History of the Protea Atlas Project
The Protea Atlas Project was launched in November 1991 at the initiative of the Botanical Society of South Africa and championed by the National Botanical Institute. Based at Kirstenbosch, it is funded by the Department of Environmental Affairs & Tourism and WWF-SA. The project will be formally concluded in 2001 and will culminate in the production of an "Atlas of Proteas" and the handing over of the database to the National Botanical Institute for posterity.
Data are collected by interested amateurs (atlassers). Data include both geographical and ecological information. The unit of area - the Record Locality - is defined by the atlasser as any uniform area, but not exceeding 500 metres in diameter. These areas are identified by their co-ordinates and altitude. Additional habitat data, such as geology and soil, are also noted. Species data - for those species in the record locality - include data on population sizes, flowering, growth and picking. Other data of interest to the atlasser can also be included on the data forms. Details are provided in the Protea Atlas Project Manual.
Atlassers require a good field guide (we recommend Sasol Proteas), a map, a pencil, and an adventurous spirit, although much atlassing is also required in and around Cape Town, Johannesburg and Durban. Notebooks are provided to assist with data collection.
Findings are communicated to atlassers in a quarterly newsletter Newsletter, annual Interim Distribution Maps, and as requests, queries and clarifications based on the data they have submitted. An electronic data capture programme (Protea Atlas SRS Database, written by Nigel Forshaw) and locality data (WORLDMAP - courtesy of the Natural History Museum, London) are available free to participating atlassers. Data are available free to atlassers to enhance their enjoyment, to bona fide research students and, at a fee, to commercial agents, in the form of species lists per area, flowering times for species, "Life Lists", and in other tailor-made formats.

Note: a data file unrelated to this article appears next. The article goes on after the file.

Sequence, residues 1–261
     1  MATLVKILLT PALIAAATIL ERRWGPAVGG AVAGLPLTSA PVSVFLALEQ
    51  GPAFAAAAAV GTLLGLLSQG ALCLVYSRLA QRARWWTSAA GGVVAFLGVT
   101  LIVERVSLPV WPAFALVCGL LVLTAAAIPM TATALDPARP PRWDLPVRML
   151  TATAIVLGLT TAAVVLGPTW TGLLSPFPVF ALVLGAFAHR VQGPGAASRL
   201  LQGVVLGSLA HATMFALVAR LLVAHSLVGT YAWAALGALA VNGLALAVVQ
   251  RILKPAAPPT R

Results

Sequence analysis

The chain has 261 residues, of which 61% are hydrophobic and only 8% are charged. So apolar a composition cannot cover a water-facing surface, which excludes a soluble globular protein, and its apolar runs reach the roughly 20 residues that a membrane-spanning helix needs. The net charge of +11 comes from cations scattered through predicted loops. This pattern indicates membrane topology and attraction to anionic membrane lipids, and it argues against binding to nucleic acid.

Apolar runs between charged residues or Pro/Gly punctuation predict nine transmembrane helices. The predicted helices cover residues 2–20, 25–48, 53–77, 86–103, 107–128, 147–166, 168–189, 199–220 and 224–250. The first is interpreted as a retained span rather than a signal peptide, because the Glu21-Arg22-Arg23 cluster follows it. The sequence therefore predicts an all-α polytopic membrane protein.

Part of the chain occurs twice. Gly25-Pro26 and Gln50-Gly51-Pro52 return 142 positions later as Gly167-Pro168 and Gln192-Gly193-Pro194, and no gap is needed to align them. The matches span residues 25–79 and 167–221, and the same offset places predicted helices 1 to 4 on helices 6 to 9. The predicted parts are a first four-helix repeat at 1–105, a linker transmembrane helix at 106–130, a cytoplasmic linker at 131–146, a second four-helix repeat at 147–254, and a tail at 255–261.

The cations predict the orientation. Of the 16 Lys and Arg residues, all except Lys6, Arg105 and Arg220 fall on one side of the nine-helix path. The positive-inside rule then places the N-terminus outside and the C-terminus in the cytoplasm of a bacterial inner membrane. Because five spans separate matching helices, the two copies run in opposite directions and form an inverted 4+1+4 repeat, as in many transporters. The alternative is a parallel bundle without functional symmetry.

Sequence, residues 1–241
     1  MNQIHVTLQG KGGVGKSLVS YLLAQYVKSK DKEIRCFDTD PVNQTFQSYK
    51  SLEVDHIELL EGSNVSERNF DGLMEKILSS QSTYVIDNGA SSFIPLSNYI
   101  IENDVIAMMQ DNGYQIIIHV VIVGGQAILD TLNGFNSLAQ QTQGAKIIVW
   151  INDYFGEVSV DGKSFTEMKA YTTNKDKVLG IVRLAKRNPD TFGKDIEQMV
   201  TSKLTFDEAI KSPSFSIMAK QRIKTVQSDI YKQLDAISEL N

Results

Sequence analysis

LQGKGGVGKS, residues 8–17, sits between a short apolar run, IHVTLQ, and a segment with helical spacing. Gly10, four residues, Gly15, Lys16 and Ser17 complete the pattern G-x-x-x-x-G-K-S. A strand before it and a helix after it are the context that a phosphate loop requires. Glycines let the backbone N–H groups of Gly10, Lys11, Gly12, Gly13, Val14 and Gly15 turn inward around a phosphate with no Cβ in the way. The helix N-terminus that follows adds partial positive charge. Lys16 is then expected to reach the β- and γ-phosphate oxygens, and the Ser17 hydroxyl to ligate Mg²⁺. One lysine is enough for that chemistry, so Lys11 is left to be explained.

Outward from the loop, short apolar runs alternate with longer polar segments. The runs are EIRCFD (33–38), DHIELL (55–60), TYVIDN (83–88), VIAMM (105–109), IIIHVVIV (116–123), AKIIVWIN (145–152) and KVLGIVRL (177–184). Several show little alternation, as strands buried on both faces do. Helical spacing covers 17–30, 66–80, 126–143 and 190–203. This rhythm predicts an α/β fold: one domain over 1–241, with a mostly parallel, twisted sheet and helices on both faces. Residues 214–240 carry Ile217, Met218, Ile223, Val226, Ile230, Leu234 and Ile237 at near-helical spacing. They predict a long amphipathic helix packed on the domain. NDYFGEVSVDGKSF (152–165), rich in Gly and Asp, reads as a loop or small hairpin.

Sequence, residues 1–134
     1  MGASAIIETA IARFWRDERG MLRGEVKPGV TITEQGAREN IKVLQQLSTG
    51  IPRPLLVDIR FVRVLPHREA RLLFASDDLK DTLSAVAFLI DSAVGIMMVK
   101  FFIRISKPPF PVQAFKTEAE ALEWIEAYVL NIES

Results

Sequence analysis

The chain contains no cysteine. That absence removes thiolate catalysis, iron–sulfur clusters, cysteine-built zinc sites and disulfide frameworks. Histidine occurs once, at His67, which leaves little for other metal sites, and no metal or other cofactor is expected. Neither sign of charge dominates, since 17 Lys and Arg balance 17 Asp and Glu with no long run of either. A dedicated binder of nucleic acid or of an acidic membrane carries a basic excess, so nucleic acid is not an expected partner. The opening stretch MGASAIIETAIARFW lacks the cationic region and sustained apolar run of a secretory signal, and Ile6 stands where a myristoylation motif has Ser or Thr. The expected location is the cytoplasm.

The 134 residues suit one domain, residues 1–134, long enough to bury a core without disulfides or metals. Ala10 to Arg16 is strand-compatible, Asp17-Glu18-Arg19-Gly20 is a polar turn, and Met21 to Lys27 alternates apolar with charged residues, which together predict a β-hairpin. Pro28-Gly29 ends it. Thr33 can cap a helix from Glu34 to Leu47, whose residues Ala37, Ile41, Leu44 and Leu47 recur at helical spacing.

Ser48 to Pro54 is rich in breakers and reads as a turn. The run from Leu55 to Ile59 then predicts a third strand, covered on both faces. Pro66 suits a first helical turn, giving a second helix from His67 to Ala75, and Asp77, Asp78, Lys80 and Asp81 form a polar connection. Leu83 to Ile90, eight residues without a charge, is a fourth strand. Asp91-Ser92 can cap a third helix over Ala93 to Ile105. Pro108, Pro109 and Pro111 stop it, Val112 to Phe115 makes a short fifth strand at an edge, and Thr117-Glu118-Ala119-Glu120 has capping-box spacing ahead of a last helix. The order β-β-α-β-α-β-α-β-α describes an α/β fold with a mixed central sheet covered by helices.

A total of 252 513 species records from 61 591 Record Localities (December 2002) makes this the premier locality data base for plants in the Cape Floral Kingdom. Some 47 species have been atlassed at more than 1 000 localities, including an alien invader protea, the Silky Needlebush Hakea sericea. To date, eight new species have been discovered by atlassers, one third of all species have had their distribution ranges significantly extended (some by hundreds of kilometres), and two of four "extinct" species has been rediscovered. Data on common names in use are also being compiled.
Some 438 atlassers have provided the data to date. Most collect data on their trips and hikes, but Atlas Special Projects and educational trips have been organised to assist atlassers with learning the techniques and to investigate particular species and areas. Have a look at our atlasser's Achievements and Discoveries.
Courses on Protea Identification, Atlassing and visits to outstanding and remote protea localities are arranged regularly.
Protea Atlas Project Website Launch was held at the National Botancical Institute at Kirstenbosch, Cape Town at a cheese and wine function on 11 March 1998.